Drought and food crisis in East Africa
In 2017, a complicated set of circumstances, including the cumulative impact of two successive droughts as a result of two climate phenomena – El Niño and the Indian Ocean Dipole – and in some places a long period of conflict and insecurity left millions at risk of hunger across the region.
There was widespread crop failure and livestock death in the worst affected areas, causing families to sell their few remaining assets, such as livestock, and to leave their homes in search of food and water.
This diminished food production, combined with more systemic issues of long-term failure to invest in agriculture and alternative livelihoods, further exhausted people’s capacity to cope with another shock.
In 2019, 2.2 milion people are at risk of starvation in Somalia and Somaliland1. Climate induced drought in 2018 and 2019 has led to crop failures and loss in livestock, forcing people to flee their homes. Over 60,000 people in the region have been displaced by drought and are in urgent need of support.
Why are women and girls worst affected by famine?
Women and girls are nearly always hit hardest in emergencies, and famine is no exception. Malnutrition, weakened immune systems and the resulting spread of disease put an additional strain on women’s traditional responsibility as care givers.
Fetching water becomes much more physically challenging as mums like Nimo travel further and further afield in their search. As a result, we have seen mothers taking their daughters out of school to help them carry their heavy load.
Displacement, conflict and having to walk longer distances all increase women’s and girls’ vulnerability to violence and sexual assault.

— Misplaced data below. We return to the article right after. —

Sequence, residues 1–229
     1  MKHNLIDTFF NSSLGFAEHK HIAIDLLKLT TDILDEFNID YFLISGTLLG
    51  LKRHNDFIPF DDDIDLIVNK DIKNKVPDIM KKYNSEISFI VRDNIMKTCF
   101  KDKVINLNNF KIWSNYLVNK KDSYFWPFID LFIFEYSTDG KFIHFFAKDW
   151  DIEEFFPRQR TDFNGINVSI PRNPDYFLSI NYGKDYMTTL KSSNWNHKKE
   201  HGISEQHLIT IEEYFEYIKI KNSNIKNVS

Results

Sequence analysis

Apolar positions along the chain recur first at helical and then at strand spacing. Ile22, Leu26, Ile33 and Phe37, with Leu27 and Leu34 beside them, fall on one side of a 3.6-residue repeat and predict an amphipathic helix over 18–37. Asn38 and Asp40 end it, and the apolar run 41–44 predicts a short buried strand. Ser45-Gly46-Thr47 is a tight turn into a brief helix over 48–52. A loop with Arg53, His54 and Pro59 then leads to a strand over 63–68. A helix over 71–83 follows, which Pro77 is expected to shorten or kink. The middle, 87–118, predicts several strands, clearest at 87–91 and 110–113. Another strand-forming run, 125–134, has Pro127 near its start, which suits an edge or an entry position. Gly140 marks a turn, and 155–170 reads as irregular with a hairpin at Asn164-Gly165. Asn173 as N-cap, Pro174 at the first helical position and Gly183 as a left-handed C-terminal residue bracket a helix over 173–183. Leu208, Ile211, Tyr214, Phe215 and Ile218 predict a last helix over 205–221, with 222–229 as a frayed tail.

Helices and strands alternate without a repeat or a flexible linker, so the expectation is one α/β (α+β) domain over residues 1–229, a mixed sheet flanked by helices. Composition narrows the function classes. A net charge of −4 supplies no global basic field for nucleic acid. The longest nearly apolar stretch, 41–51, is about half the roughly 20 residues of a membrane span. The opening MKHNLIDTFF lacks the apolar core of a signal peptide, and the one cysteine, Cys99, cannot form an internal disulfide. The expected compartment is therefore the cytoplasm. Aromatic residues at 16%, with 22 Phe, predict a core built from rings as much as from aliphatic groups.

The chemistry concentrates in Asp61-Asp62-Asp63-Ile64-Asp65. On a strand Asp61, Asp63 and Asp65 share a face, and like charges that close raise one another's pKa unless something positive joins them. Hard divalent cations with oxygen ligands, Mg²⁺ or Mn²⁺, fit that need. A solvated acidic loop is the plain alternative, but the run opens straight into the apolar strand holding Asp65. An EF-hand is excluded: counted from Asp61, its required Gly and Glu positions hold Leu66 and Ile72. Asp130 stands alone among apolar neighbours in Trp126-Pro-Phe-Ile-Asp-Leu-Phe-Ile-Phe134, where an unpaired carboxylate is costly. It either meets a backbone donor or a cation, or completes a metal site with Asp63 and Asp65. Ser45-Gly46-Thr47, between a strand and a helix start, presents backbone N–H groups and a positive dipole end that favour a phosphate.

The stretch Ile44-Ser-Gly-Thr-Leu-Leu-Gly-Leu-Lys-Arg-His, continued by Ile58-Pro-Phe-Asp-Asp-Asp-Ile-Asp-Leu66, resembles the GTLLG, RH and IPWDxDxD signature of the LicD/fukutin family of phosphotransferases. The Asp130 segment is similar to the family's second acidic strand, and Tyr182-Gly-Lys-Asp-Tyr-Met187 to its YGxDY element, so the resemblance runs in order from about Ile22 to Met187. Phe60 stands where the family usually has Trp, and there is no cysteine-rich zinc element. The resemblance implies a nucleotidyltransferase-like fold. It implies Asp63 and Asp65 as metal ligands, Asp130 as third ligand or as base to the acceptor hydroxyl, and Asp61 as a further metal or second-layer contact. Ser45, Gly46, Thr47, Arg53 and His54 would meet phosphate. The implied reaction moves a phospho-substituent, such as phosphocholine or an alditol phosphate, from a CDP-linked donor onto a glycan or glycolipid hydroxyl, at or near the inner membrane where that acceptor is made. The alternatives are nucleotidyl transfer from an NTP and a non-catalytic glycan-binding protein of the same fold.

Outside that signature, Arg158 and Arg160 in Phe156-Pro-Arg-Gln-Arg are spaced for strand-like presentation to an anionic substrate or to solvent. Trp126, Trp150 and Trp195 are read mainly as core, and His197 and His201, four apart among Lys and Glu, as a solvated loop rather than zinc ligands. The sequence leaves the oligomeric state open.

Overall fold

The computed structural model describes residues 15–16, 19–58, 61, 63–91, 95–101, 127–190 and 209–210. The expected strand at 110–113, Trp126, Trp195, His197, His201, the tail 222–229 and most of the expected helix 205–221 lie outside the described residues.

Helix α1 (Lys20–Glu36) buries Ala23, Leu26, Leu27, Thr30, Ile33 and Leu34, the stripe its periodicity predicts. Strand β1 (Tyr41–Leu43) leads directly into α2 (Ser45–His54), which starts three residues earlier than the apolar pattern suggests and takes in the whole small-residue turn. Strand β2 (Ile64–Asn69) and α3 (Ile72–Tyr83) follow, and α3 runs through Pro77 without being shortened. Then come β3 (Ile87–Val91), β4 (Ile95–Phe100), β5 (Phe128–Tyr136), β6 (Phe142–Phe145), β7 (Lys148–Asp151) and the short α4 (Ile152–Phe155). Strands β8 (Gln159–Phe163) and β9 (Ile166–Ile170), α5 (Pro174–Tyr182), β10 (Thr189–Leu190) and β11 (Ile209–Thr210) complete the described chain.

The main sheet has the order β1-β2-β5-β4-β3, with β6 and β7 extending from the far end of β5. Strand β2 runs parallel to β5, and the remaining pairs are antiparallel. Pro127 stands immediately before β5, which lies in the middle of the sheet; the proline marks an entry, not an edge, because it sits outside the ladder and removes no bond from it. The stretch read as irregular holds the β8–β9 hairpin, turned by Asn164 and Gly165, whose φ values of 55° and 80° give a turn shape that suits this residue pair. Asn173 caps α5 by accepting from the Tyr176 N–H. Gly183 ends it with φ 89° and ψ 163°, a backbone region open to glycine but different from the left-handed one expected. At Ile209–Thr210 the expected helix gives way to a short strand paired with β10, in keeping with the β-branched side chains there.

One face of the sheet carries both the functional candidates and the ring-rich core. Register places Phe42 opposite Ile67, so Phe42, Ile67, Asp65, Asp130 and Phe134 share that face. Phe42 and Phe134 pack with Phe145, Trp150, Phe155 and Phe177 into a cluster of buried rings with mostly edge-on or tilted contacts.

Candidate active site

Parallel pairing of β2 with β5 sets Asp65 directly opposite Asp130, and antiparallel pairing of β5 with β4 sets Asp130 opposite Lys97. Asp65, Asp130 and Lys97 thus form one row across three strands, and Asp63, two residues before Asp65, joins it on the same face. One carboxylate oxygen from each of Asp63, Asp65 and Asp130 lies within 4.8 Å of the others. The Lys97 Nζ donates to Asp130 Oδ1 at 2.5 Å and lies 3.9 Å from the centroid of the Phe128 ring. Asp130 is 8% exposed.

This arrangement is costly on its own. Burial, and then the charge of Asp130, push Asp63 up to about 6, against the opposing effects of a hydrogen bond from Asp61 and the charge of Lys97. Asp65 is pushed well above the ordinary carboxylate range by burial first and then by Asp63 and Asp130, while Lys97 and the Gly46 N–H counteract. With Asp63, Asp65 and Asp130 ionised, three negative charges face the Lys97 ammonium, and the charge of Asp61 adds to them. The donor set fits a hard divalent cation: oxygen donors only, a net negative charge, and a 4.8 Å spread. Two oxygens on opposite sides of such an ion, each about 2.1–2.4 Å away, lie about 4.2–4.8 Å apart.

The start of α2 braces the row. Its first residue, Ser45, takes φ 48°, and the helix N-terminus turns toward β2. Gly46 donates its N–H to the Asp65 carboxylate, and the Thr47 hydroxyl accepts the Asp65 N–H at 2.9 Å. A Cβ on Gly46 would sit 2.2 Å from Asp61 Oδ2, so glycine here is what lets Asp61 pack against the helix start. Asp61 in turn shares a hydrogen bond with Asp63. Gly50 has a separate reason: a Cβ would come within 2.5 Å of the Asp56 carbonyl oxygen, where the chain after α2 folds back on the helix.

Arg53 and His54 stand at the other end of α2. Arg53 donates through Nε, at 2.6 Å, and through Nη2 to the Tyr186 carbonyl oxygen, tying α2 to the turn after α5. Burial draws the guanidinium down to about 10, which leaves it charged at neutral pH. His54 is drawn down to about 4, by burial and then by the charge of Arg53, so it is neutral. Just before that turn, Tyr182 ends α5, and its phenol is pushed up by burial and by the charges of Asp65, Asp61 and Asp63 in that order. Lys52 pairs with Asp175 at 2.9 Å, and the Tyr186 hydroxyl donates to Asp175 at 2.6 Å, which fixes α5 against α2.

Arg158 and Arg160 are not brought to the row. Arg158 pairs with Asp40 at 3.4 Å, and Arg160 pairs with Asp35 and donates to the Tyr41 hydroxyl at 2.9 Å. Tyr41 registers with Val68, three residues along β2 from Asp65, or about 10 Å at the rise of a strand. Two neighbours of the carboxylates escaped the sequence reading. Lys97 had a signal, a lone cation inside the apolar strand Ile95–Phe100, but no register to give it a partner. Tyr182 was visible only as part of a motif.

Within the home, women can also often face aggression and domestic violence as the burden to find food and water increases, and results in strained family relationships.
Often, owing to cultural customs, women eat last and least and have access to fewer options to migrate, access aid, information and credit.
ActionAid’s policy manager in Kenya, Ruth Masime, says:
As a result of the drought women and girls face a triple burden in some cases: to survive, care for their families and evade sexual violence in the process. Urgent action is needed to avert severe hunger, sexual violence and community breakdown.”
Supporting struggling mums in Somaliland
In Somaliland, 35-year-old Nimo and her children walked for eight days in search of water. What they found instead was a trail of carcasses: cattle, goats and camels – the backbone of the country’s economy.
“I breastfeed my six-month-old son, but he cannot get enough milk as I don’t have food,” says Nimo.
ActionAid is distributing life-saving food and water to mothers like Nimo, but more support is urgently needed as the situation rapidly worsens.
Famine in Kenya
Chepochemuma, 35, lives in western Kenya.
Flash floods washed away her crops in 2016, and then a drought in 2017 caused a severe food shortage.
Like so many families, she has had to resort to hunting for anything edible she can find in the bush to feed her eight children.
She told us: “I am worried for tomorrow because there is high competition for wild fruits and vegetables.
“If help doesn’t come through any time soon, we might die of hunger.”